In response to Wednesday’s shooting at a congressional baseball practice, Ralph Norman, the Republican candidate to represent South Carolina’s 5th District in the U.S. House, called for more members of Congress to carry guns.
Norman told The Associated Press that if he’s elected to Congress he would “absolutely” like to carry a gun.
“More people ought to be armed,” Norman said. The former state representative and real estate developer is running to fill a seat vacated by Mick Mulvaney, who’s now the director of the president’s Office of Management and Budget.
James Hodgkinson, a liberal enthusiast of Sen. Bernie Sanders (I-Vt.) with a history of violent behavior, opened fire on a Republican congressional baseball practice in Alexandria, Virginia on Wednesday morning. House Majority Whip Steve Scalise (R-La.) and five others were wounded before U.S. Capitol Police, with assistance from Alexandria Police, were able to stop the shooter.
Scalise is in critical condition Thursday following emergency surgery. Hodgkinson died from wounds sustained during the shootout with police.
Gun rights advocates have long argued the solution to gun violence is for more civilians to have guns so they can defend themselves against potential assailants. (In fact, evidence that armed civilians save lives in “active shooter” scenarios is greatly exaggerated.)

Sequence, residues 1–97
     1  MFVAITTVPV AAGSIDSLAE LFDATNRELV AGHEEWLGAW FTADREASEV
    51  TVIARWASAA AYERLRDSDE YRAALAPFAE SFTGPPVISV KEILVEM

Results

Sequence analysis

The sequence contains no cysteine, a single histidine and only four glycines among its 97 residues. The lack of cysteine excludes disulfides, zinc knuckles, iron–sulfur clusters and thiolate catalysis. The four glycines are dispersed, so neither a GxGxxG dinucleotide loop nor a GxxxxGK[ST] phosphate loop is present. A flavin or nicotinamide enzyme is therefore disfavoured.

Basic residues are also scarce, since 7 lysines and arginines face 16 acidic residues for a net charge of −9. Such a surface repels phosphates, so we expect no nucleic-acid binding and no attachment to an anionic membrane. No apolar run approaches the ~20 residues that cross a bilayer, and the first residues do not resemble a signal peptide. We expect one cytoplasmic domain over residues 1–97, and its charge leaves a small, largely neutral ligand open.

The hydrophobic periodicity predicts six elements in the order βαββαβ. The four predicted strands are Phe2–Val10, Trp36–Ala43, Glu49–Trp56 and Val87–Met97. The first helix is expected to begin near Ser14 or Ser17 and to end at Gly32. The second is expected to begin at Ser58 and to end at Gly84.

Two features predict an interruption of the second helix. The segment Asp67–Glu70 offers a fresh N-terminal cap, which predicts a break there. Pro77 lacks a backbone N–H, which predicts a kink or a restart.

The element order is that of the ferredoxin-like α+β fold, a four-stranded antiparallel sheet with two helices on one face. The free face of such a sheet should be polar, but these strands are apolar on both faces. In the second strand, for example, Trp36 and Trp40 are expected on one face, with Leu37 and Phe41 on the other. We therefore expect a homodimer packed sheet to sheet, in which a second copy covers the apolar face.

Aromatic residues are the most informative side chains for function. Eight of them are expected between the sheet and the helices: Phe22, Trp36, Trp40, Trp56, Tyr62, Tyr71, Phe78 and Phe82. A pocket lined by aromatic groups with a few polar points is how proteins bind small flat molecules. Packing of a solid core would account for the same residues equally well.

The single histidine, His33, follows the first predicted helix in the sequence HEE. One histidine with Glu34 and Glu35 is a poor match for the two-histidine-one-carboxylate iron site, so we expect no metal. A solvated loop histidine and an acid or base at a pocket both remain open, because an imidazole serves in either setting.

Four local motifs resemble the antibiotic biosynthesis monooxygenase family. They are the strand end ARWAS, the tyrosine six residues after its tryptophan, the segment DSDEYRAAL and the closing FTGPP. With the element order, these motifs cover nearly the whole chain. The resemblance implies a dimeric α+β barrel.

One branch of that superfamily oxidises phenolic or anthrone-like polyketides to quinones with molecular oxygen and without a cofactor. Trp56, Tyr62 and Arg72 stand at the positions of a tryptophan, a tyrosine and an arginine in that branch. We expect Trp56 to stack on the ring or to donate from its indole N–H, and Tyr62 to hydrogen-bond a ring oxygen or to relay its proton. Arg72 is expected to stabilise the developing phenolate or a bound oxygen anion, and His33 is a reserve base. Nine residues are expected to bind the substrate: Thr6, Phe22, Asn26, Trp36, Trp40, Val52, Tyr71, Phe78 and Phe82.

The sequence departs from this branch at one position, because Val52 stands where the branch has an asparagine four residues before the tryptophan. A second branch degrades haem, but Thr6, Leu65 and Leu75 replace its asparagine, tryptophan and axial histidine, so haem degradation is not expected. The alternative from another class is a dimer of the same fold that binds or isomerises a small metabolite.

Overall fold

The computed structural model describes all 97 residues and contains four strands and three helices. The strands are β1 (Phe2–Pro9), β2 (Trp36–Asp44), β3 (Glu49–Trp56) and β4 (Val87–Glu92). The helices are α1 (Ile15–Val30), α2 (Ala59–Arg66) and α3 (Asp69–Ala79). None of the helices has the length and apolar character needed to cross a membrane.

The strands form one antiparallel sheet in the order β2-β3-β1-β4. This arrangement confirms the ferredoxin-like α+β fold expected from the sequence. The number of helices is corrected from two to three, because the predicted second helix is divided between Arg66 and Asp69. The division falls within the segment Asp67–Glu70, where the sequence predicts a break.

Several sitting Republican members of Congress also responded to Wednesday’s shooting by proposing increased gun possession. Rep. Chris Collins (R-N.Y.) promised to start carrying his gun at public events.
It is not clear exactly how that would work when members of Congress are not in their home districts. The U.S. Capitol Police forbids possession of firearms on the Capitol premises. And Washington, D.C., has strict rules regulating permits for concealed guns.
However, in Virginia, where the shooting took place, citizens can openly carry weapons without a permit, or obtain a permit to carry a concealed weapon.
Norman, 63, squares off against Democrat Archie Parnell, a 66-year-old tax attorney, in a special election on Tuesday. Norman is highly favored to win in the Republican-leaning district, but Parnell released a poll at the end of May showing he had narrowed Norman’s lead to 10 percentage points from a 16-point interval in March.
Parnell supports closing gaps in the country’s background check system, including the “default to proceed” loophole waiving the need for a background check if the FBI does not complete it within three days of the request. The loophole enabled Dylann Roof, who perpetrated the June 2015 massacre at a black church in Charleston, South Carolina, to obtain a weapon despite his criminal record.
“Ralph Norman should be ashamed of himself and he should publicly apologize to the victims and their families for trying to use this tragedy to score cheap points,” Parnell said in a statement responding to Norman’s comments.